For some reason, which I believe I can guess, the churches/mosques want control of people when or while they are the most vulnerable or suggestible. If they can't get them in school, then they get them when they are hungry, or frightened, or ill, or homeless, or unemployed. Same difference. Here's your gruel, and here's a tract.
Nobody ought to be too old to improve: I should be sorry if I was; and I flatter myself I have already improved considerably by my travels. First, I can swallow gruel soup, egg soup, and all manner of soups, without making faces much. Secondly, I can pretty well live without tea ...
Anna Letitia Barbauld
This is ideal, you'll see. We do everything backward. It's just how we are. We began with an elopement. After that, we made love. Next, we'll progress to courting. When we're old and silver-haired, perhaps we'll finally get around to flirtation. We'll make fond eyes at each other over our mugs of gruel. We'll be the envy of couples half our age.
On Mars, where the air is spare - a hundred times less dense than on Earth - someone could hear you scream. But you'd have to really strain to get anyone's attention. On the Red Planet, where the wind is high-pitched and faint, even a symphony orchestra will sound as thin as cheap gruel.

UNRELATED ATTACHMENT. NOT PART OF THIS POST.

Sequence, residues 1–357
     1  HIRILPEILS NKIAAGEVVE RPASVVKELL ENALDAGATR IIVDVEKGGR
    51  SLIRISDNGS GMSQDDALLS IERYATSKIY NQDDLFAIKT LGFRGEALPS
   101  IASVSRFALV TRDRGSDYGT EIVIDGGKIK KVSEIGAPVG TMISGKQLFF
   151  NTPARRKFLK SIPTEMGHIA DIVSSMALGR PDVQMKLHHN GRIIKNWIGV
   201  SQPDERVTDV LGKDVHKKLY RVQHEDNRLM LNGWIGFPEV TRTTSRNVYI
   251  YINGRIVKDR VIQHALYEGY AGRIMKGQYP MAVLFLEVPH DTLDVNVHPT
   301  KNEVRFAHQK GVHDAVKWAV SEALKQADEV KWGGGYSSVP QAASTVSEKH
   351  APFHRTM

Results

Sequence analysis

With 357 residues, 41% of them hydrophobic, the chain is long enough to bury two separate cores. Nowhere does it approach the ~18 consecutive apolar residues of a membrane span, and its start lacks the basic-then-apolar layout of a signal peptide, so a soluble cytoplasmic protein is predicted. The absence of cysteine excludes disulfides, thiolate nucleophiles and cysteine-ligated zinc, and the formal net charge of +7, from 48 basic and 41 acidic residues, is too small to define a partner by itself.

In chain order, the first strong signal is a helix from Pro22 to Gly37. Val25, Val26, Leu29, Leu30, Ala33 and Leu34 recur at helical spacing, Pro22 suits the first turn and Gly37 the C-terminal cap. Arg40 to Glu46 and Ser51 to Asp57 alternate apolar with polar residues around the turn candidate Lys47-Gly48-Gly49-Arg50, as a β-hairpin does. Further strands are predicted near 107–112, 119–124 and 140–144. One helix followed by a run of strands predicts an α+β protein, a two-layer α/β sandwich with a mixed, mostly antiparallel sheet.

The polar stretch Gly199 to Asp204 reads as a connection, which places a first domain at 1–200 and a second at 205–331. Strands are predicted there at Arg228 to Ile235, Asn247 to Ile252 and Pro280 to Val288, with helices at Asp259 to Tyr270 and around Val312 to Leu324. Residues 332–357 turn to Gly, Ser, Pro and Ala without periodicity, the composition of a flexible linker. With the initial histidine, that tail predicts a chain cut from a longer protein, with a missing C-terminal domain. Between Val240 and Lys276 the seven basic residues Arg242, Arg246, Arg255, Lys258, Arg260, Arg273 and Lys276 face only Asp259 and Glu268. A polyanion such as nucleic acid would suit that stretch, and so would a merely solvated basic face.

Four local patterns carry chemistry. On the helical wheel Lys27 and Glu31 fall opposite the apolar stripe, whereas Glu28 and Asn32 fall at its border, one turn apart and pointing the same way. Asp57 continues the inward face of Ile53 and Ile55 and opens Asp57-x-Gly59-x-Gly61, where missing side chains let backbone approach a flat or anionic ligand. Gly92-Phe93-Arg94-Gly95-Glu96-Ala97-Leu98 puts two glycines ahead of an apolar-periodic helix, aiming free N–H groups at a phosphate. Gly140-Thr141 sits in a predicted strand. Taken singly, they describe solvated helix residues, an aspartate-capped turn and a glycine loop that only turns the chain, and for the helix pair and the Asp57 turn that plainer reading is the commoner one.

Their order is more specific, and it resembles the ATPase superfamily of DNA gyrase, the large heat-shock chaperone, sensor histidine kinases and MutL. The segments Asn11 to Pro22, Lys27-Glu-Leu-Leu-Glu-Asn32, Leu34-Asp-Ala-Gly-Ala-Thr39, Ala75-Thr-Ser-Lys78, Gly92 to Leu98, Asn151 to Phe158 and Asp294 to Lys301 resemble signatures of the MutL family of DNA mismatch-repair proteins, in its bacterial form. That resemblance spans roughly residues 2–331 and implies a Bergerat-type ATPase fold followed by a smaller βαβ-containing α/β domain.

My headboard has bars, like a jail cell. Sometimes I'll be asleep and think I'm in prison, and I'll hear my alarm clock go off and feel like I'm out on parole. Only then does it hit me: life in the slumbering gulag wasn't so bad after all, and I'll take the mushy dream gruel over a grueling day any day.
I could not be a zombie. They had no thoughts. Their brains were gruel. They said little beyond "Brrr!" unable, even, to articulate completely what they sought. "Brains, "I said distinctly. "And I feel no burning urge to partake of any." Forsooth, the idea sent a wave of nausea through me. Therefore I was not a zombie.
Man has to eat, so thank God some food tastes good. However, if men had no taste buds, or sense of smell, all food would be good. So hooray! And also boo for boring. That'd mean nothing exciting to look forward to. However, you could eat healthy gruel everyday and it'd be like breathing-just something you do to survive, but not something you put any thought into.
My business is stanching blood and feeding fainting men; my post the open field between the bullet and the hospital. I sometimes discuss the application of a compress or a wisp of hay under a broken limb, but not the bearing and merits of a political movement. I make gruel--not speeches; I write letters home for wounded soldiers, not political addresses.
Everyone ate as a group, and a huge cauldron of dumpster-dived gruel bubbled over a campfire, tended by a grubby-handed group of chefs dicing potatoes and onions on a piece of cardboard on the ground. Huck [Finn] may have been right that a 'barrel of odds and ends' where the 'juice kind of swaps around' makes for better victuals, but it occurred to me that the revolution may well get dysentery.
The rich plankton of pop heroes and pop villains on which we Americans are accustomed to feed, the daily media soup of sports figures, ax murderers, politicians, and rock singers, the ever-running river of celebs, heavies, and oddballs that we use to spice up our own relatively humdrum lives has of late become a very watery gruel. Where have all the good guys and bad guys gone? Why does everyone out there look so gray?